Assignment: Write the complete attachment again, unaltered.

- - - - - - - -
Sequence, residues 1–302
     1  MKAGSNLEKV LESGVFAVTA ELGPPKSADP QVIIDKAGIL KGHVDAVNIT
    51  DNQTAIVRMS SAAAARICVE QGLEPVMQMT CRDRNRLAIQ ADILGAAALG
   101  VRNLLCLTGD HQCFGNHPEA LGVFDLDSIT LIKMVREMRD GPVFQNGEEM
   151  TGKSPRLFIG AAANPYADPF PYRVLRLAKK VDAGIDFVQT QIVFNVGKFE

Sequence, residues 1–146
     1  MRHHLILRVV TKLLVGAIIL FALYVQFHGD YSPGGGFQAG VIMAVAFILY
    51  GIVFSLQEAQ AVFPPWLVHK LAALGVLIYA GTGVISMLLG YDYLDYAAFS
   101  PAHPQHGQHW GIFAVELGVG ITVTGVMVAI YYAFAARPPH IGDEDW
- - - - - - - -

Sequence, residues 1–302
     1  MKAGSNLEKV LESGVFAVTA ELGPPKSADP QVIIDKAGIL KGHVDAVNIT
    51  DNQTAIVRMS SAAAARICVE QGLEPVMQMT CRDRNRLAIQ ADILGAAALG
   101  VRNLLCLTGD HQCFGNHPEA LGVFDLDSIT LIKMVREMRD GPVFQNGEEM
   151  TGKSPRLFIG AAANPYADPF PYRVLRLAKK VDAGIDFVQT QIVFNVGKFE

Sequence, residues 1–146
     1  MRHHLILRVV TKLLVGAIIL FALYVQFHGD YSPGGGFQAG VIMAVAFILY
    51  GIVFSLQEAQ AVFPPWLVHK LAALGVLIYA GTGVISMLLG YDYLDYAAFS
   101  PAHPQHGQHW GIFAVELGVG ITVTGVMVAI YYAFAARPPH IGDEDW